Rotary zone tillage improves corn establishment in a kura clover living mulch

Michelle Dobbratz, John M. Baker, Julie Grossman, M. Scott Wells, Peyton Ginakes

Research output: Contribution to journalArticlepeer-review

6 Scopus citations


Kura clover (Trifolium ambiguum Bieb.) perennial living mulch is a farming practice designed to pair water quality services and row crop production. In this system, rows are mechanically or chemically killed within a perennial kura clover stand to create a suitable environment for planting a crop. However, yields are often reduced relative to conventional, fully-tilled systems. This hypothesis was tested by using a novel rotary zone tillage unit (RZT) that creates 45 cm wide tilled strips with a depth of 8 cm for each row, with rows spaced 76 cm apart. We compared RZT to three row preparation strategies that have been commonly used in living mulch systems: herbicide band kill (BK), and shank tillage (ST), also known as strip tillage. Shank tillage produced bands that were 40 cm wide and 5 cm deep. We monitored kura clover health, soil moisture & temperature, corn (Zea mays L.) emergence, corn development, and corn yield in all three row preparation strategies over two growing seasons. In 2015, corn grown in RZT plots emerged and developed faster than corn grown in ST plots, but this did not lead to a difference in grain or stover yield. However, in 2016, corn grown in RZT plots not only emerged and developed faster, but also produced 4.0 Mg ha −1 more grain and 3.5 Mg ha −1 more stover biomass than corn grown in ST and BK plots. Kura clover biomass was not affected by treatment in either year. We conclude that rotary zone tillage is a promising row preparation strategy in kura clover living mulch for corn production with minimal herbicide use.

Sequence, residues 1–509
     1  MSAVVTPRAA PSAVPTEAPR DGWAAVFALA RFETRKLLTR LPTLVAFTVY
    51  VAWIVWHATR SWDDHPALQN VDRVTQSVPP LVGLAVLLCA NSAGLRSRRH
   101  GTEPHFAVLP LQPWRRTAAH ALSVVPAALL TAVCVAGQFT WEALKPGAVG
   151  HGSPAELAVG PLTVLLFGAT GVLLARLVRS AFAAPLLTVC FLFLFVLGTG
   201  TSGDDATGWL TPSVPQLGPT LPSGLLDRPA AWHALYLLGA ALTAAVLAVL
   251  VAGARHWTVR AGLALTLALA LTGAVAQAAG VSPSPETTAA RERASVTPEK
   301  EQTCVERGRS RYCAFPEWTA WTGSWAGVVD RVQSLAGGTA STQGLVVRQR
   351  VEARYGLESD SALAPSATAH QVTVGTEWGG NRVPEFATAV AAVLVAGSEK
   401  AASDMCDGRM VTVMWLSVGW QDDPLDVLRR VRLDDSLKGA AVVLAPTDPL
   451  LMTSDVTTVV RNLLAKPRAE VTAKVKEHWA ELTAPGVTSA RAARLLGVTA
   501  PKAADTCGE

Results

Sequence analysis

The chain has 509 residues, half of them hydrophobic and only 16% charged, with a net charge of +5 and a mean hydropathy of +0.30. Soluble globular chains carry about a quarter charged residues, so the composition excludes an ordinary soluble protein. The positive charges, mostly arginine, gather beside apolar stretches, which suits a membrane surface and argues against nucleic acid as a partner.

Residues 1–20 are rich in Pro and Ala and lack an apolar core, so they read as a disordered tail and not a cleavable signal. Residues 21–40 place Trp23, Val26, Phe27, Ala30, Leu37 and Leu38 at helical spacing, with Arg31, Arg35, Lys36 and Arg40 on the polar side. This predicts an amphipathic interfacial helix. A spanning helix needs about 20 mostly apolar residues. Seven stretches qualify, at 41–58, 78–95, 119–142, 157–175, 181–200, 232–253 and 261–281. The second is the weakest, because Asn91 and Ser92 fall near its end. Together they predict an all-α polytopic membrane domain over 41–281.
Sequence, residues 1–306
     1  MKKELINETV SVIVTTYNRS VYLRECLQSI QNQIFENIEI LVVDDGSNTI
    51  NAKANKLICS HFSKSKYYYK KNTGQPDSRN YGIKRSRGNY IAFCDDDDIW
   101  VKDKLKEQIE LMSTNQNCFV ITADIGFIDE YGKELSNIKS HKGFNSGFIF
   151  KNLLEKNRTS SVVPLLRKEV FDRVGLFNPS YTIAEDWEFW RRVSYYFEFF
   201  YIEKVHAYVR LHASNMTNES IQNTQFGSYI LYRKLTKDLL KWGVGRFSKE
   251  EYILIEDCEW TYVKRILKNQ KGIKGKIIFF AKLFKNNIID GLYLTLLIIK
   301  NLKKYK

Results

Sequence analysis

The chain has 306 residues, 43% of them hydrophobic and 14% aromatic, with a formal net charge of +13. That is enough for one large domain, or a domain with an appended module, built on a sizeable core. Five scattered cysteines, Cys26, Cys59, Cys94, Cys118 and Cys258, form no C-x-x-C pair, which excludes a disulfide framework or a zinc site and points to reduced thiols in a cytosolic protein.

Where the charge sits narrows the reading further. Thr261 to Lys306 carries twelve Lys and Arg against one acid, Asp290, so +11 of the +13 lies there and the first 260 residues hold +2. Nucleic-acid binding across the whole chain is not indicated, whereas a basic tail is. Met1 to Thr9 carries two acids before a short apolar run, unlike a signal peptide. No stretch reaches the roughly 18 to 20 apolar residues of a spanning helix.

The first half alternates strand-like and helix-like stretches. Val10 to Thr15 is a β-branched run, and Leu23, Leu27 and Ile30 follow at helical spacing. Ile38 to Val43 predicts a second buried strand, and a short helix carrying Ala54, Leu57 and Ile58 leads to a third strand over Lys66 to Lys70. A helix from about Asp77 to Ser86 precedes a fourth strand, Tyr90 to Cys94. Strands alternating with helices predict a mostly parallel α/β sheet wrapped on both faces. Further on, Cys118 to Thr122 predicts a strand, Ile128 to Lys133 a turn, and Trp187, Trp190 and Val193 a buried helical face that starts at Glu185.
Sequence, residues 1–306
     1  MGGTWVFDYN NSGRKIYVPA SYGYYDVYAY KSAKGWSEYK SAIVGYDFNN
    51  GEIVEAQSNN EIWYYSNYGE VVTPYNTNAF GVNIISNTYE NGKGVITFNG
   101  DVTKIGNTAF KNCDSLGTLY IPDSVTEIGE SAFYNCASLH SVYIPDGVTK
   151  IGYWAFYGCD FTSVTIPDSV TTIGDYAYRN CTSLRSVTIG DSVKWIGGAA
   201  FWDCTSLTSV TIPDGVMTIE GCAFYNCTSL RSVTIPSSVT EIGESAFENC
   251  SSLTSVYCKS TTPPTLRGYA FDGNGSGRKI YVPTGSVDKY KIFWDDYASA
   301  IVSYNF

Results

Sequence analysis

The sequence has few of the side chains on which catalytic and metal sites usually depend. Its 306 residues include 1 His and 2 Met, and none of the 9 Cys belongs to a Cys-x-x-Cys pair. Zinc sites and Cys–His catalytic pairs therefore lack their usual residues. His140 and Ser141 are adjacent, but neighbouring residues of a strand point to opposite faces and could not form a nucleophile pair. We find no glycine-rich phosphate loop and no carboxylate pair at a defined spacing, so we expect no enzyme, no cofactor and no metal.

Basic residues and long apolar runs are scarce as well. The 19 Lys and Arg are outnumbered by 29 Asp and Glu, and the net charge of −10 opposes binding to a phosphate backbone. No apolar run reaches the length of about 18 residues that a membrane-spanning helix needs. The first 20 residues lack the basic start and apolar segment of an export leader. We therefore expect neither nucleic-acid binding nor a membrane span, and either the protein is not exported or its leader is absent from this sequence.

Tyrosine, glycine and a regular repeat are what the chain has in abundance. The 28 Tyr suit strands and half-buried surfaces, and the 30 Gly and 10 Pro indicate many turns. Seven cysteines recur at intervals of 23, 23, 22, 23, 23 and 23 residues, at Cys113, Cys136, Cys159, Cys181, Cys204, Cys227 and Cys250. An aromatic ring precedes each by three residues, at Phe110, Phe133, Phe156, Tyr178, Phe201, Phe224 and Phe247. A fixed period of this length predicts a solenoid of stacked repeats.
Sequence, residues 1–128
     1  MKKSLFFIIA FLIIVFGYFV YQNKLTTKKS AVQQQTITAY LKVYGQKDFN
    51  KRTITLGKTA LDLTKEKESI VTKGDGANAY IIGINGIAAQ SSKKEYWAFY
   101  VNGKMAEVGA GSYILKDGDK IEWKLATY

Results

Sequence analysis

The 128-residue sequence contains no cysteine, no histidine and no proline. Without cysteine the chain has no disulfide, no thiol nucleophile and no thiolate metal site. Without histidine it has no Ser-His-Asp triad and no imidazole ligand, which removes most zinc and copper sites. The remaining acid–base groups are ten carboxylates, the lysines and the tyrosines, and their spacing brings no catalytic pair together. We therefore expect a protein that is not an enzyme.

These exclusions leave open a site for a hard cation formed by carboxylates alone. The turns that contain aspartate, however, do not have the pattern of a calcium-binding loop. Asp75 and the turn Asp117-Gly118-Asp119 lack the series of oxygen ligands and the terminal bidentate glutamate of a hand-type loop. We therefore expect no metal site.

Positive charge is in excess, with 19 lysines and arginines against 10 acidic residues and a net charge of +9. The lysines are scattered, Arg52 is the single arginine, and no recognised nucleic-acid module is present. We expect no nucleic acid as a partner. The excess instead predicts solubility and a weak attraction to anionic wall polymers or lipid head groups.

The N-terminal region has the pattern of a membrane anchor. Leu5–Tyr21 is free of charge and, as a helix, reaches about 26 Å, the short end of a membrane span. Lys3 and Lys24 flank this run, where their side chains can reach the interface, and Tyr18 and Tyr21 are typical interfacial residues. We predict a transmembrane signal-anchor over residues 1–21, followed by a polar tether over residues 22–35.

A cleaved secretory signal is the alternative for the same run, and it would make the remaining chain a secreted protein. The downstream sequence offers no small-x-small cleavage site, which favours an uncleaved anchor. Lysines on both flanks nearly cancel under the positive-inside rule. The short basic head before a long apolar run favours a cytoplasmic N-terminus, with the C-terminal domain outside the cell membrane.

Original languageEnglish (US)
Pages (from-to)229-235
Number of pages7
JournalSoil and Tillage Research
StatePublished - Jun 2019


  • Band kill
  • Conservation tillage
  • Corn
  • Emergence
  • Kura clover
  • Living muchm
  • Maize
  • Novel tillage
  • Operating costs
  • Perennial
  • Perennial living mulch
  • Soil moisture
  • Soil temperature
  • Trifolium intermedium
  • Vegetative development
  • Zone tillage

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